prescriptive period. In any event, the fact of delay, standing alone, is insufficient to
constitute laches. x x x Again we point that, unless reasons of inequitable proportions are
adduced, a delay within the prescriptive period is sanctioned by law and is not considered to
be a delay that would bar relief.
5. CIVIL LAW; OBLIGATIONS AND CONTRACTS; SURETY; HAS DIRECT,
PRIMARY AND ABSOLUTE OBLIGATION. - The Court stresses that the obligation of
a surety is direct, primary and absolute. Thus, the Court has held: [A]lthough the contract
of a surety is in essence secondary only to a valid principal obligation, his liability to the
creditor or promisee of the principal is said to be direct, primary, and absolute; in other
words, he is directly and equally bound with the principal. The surety therefore becomes
liable for the debt or duty of another although he possesses no direct or personal interest
over the obligations nor does he receive any benefit therefrom.
6. ID.; ID.; ID.; ID.; CASE AT BAR. - When petitioners signed as sureties, they expressly
and unequivocally agreed to the stipulation that the liability on this guaranty shall be
solidary, direct and immediate and not contingent upon the pursuit by the creditor, its
successors, indorsees or assigns, of whatever remedies it or they have against the principal
or the securities or liens it or they may possess. If they had mistaken the import of the
Surety Agreement, they could have easily asked for its revocation. The Agreement
stipulates that it may be revoked by the Surety at any time, but only after forty-eight hours
notice in writing to the Creditor, and such revocation shall not operate to relieve the Surety
from responsibility for obligations incurred by the Principal prior to the termination of such
period. This they did not do.
7. ID.; ID.; ID.; LIABLE FOR THE DEBT OF ANOTHER ALTHOUGH HE
RECEIVED NO BENEFIT THEREFROM. - This Court has categorically ruled that a
surety is liable for the debt of another, although he or she received no benefit therefrom.
8. REMEDIAL LAW; ACTIONS; PRINCIPLE OF EQUITY; NOT APPLICABLE IN
CASE AT BAR. - In the present case, there is no showing of any mistake or any inequity.
The fact alone that seven years had lapsed before PNB filed the collection suit does not
mean that it discovered the obligation of the sureties only then. There was a Surety
Arrangement, and the law says that the said contract can be enforced by action within ten
years. The bank and the sureties all knew that the action to enforce the contract did not
have to be filed immediately. In other words, the bank committed no mistake or inequitable
conduct that needed correction, and the sureties had no misconception about their liabilities
under the contract. Clearly, petitioners have no recourse in equity, because they failed to
show any inequity on the part of PNB.
9. ID.; APPEAL; ASSIGNMENT OF ERROR; ISSUES; CANNOT BE RAISED FOR
FIRST TIME ON APPEAL. - In their Memorandum, petitioners belatedly ask the Court to
rule that, in case of a court ruling adverse to them, the conjugal properties would not be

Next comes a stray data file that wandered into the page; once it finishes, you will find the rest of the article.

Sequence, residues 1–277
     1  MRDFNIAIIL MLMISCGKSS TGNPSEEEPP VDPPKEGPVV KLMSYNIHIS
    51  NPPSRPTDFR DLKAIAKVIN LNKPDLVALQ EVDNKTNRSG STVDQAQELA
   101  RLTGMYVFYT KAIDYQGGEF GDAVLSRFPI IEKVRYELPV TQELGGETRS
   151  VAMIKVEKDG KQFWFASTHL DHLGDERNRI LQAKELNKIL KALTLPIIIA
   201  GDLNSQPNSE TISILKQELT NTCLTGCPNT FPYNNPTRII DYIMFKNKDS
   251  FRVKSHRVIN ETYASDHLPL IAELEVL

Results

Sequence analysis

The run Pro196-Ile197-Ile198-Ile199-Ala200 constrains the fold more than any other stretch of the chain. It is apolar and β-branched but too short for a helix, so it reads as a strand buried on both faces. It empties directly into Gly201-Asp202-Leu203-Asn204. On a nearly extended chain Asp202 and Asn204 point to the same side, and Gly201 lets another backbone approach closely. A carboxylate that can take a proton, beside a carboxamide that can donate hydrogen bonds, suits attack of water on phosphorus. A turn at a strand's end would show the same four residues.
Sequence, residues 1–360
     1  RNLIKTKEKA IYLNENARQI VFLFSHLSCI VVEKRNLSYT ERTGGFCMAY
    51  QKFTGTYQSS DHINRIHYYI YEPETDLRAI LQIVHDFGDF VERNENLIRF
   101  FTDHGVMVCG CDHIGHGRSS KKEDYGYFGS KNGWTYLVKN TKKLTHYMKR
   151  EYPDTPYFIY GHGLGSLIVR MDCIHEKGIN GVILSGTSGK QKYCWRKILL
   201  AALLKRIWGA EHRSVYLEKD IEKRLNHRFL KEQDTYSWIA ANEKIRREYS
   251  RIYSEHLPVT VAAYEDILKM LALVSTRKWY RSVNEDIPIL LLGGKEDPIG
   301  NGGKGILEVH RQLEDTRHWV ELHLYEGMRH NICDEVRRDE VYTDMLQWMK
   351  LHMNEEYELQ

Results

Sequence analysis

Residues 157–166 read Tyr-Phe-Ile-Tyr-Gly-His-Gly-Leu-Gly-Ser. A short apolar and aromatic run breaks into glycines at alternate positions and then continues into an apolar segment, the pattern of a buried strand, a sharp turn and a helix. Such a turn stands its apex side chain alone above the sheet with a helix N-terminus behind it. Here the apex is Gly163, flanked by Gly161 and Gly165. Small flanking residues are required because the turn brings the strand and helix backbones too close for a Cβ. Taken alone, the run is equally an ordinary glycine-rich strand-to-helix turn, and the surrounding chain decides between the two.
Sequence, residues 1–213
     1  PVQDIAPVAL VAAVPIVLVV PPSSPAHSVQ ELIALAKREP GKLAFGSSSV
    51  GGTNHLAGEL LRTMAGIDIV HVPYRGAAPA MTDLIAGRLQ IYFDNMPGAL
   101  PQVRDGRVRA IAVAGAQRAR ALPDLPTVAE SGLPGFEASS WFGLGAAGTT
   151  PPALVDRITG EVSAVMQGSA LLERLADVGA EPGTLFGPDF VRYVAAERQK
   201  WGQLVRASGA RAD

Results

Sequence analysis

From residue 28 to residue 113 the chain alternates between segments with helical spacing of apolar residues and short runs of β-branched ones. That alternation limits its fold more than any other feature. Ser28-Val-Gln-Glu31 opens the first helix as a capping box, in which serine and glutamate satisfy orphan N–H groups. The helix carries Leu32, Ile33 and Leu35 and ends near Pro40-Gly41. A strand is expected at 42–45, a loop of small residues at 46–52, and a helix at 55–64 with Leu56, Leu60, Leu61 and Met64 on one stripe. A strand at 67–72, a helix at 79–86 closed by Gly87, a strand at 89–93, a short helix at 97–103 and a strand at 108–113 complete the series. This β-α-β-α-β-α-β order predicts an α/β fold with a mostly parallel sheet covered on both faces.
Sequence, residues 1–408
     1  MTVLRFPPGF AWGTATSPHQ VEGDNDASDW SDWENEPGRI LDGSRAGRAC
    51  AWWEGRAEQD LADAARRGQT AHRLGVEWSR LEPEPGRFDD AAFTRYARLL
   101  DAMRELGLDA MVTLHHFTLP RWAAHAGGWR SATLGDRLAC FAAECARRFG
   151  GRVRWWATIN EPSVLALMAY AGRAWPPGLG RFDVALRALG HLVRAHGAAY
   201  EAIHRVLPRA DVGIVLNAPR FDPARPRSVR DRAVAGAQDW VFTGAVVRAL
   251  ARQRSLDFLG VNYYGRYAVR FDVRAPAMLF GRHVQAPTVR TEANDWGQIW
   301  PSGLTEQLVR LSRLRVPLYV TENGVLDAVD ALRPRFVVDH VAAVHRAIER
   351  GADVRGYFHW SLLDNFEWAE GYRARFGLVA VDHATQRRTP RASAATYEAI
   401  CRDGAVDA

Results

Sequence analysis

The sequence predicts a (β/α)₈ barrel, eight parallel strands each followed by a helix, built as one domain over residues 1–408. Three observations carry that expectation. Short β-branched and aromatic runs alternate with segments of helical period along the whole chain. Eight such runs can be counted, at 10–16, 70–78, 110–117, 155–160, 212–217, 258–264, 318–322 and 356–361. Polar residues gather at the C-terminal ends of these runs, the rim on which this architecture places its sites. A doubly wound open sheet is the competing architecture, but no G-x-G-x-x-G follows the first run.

liable for the husbands' debts that did not redound to the benefit of the conjugal partnership.
This issue cannot be allowed, for it is being raised for the first time only in petitioners'
Memorandum. Issues, arguments, theories and causes of action not raised below may no
longer be posed on appeal. Furthermore, petitioners are asking the Court to issue a ruling
on a hypothetical situation. In effect, they are asking the Court to render an advisory
opinion, a task which is beyond its constitutional mandate.
ANTONIO R. AGRA, CAYETANO FERRERIA,
NAPOLEON M. GAMO and VICENTE O. NOVALES,
petitioners, vs. PHILIPPINE NATIONAL BANK,
respondent.
DECISION
PANGANIBAN, J.:
Laches is a recourse in equity. Equity, however, is applied only in the
absence, never in contravention, of statutory law. Thus, laches cannot, as a
rule, abate a collection suit filed within the prescriptive period mandated
by the Civil Code.
The Case
Before us is a Petition for Review on Certiorari under Rule 45 of the
Rules of Court, assailing the November 26, 1997 Decision of the Court of
Appeals,[if !supportFootnotes][1][endif] which disposed as follows:
IN VIEW OF THE FOREGOING, the decision of the lower
court is hereby AFFIRMED, with the modification that the
award of attorneys fees is hereby DELETED and the twelve
percent (12%) interest on the P2,500,000.00 the
defendant-appellants are to pay PNB should start from
August 30, 1976, the date when the complaint was filed. [if !
supportFootnotes][2][endif]

The decretal portion of the aforementioned trial court ruling reads:


WHEREFORE, in view of the foregoing, in the interest of
justice, judgment is rendered in favor of the plaintiff
ordering all the sureties jointly and severally, to pay PNB as
follows:
a) the amount of P2,500,000.00 plus twelve per centum
(12%) accrued interest from August 1, 1976;
b) ten percent (10%) of the total amount due as attorneys
fees and cost of the suit.
SO ORDERED.
Also assailed by petitioners is the April 2, 1998 Resolution of the
Court of Appeals, which denied their Motion for Reconsideration. [if !
supportFootnotes][3][endif]

The Facts
The facts are summarized by the Court of Appeals (CA) in this wise: [if !